I'm looking for ideas for a 5V power supply that will run from either 220V or 110V and have a battery backup. I want to use a standard 7AHr 12V sealed led acid battery.

I was looking at capacitive transformerless power supply but the unit I use pulls about 1.2Amps every now and then. Capacitive transformerless power supply can only supply low current outputs. It looks like I will have to use a transformer.

Is there a battery monitoring and charging chip, that say works with 12V. I can always use a DC/DC convertor to convert the 12V to 5V DC. I found it uses much less power that a 7805.

  • 1
    \$\begingroup\$ You are aware that a "capacitive transformerless power supply" bites when not handled with extreme care? As in bringing real and intense physical pain? Anyways, there are plenty USB-like wall wart chargers rated for 1 or 2A, why not use one of those? \$\endgroup\$
    – jippie
    Commented Jan 3, 2014 at 16:30
  • \$\begingroup\$ Using a 6V 7Ah SLA might be better. Do you have to use a 12V SLA? \$\endgroup\$ Commented Jan 3, 2014 at 16:59

1 Answer 1


You have two separate problems, charging a 12 V battery from 110-220 VAC, and creating 5 V from the 12 V.

The first is easily solved with a off the shelf power supply with universal input and that puts out the right float charge voltage for your battery. Most power supplies nowadays have universal input, so that part is easy. Most lead-acid batteries are fine with being indefinitely held at the float charge voltage, which is a bit over 13 V for a "12 V" battery. You can probably tweak up a 12 V power supply to make 13 V or so, or you may be able to get a power supply intended to charge and maintain a 12 V lead-acid battery. Those are usually sold as battery chargers instead of power supplies.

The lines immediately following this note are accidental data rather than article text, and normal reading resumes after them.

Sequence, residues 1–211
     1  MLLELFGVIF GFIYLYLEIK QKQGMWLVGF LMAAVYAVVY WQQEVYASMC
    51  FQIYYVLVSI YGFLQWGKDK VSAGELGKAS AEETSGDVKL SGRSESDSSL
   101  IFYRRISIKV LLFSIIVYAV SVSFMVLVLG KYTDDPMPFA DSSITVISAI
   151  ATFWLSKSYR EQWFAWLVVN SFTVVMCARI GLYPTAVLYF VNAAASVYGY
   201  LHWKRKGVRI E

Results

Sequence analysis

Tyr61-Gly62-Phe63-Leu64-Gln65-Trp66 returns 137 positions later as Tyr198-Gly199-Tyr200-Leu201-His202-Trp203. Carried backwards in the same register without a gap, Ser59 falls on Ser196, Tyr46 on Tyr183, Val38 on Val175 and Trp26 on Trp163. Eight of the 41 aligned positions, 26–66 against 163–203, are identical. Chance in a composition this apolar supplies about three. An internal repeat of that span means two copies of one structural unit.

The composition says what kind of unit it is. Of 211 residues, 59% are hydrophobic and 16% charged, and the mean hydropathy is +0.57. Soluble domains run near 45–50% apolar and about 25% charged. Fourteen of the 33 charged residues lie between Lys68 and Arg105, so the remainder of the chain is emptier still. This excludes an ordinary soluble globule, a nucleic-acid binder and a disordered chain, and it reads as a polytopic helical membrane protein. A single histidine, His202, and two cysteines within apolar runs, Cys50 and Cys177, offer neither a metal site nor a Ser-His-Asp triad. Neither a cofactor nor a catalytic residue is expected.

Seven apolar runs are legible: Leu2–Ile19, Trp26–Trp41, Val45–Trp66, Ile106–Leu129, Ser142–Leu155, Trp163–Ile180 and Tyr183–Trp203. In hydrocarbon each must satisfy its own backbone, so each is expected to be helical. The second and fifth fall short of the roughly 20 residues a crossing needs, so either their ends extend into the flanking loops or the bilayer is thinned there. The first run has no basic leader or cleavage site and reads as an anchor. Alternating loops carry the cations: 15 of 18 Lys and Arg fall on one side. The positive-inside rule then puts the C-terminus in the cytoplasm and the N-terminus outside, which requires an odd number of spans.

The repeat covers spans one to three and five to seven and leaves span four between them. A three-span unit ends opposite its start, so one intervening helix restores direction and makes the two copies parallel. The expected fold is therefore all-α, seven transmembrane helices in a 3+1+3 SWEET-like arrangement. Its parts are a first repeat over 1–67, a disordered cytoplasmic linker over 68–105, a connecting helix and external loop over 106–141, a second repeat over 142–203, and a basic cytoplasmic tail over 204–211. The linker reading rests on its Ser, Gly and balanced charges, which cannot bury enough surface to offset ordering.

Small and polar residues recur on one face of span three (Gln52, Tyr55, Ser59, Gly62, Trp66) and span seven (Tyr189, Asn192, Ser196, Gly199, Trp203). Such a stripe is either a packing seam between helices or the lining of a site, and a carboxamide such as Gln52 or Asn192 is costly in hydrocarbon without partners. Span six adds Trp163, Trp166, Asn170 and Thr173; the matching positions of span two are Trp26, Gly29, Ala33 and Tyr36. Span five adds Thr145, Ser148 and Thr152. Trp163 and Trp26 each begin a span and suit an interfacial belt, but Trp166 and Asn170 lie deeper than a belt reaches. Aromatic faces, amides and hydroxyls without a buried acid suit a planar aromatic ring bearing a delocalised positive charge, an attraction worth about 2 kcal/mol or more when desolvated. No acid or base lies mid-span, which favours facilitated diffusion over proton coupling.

As for converting 12 V to 5 V, that's a well solved problem so no need to go into detail here. For such a voltage drop, it should be a switcher. You should be able to find off the shelf DC-DC converter modules that can do this, or make your own with any number of buck converter chips. There is also a drop in buck switcher replacement for the old 7805 linear regulator. Again, there are many well trodden paths here.

  • \$\begingroup\$ Hi Olin, thank you for that. I agree about the power supply and the DC/DC converter. 1. I would have liked to use a transformerless circuit but it does not look like I can get the power I require. 2. How do I monitor the level of the battery and power it off before it discharges too much? \$\endgroup\$ Commented Jan 4, 2014 at 9:17
  • \$\begingroup\$ I'm looking for a circuit for a universal input power supply. I do not want to use off the shelf unit. \$\endgroup\$ Commented Jan 4, 2014 at 9:18
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    \$\begingroup\$ @andre: A capacitive charge pump power supply is inappropriate here. Your power levels are too high, but more importantly, the output is not isolated from the power line. For a lead-acid battery, it is good enough to monitor voltage to decide when to not let it discharge further. As for a circuit for a universal input power supply, that's over your head given the kind of questions you are asking here. That is not a beginner project. Not only is it dangerous, but there is too much to explain. Go buy a power supply. \$\endgroup\$ Commented Jan 4, 2014 at 13:47

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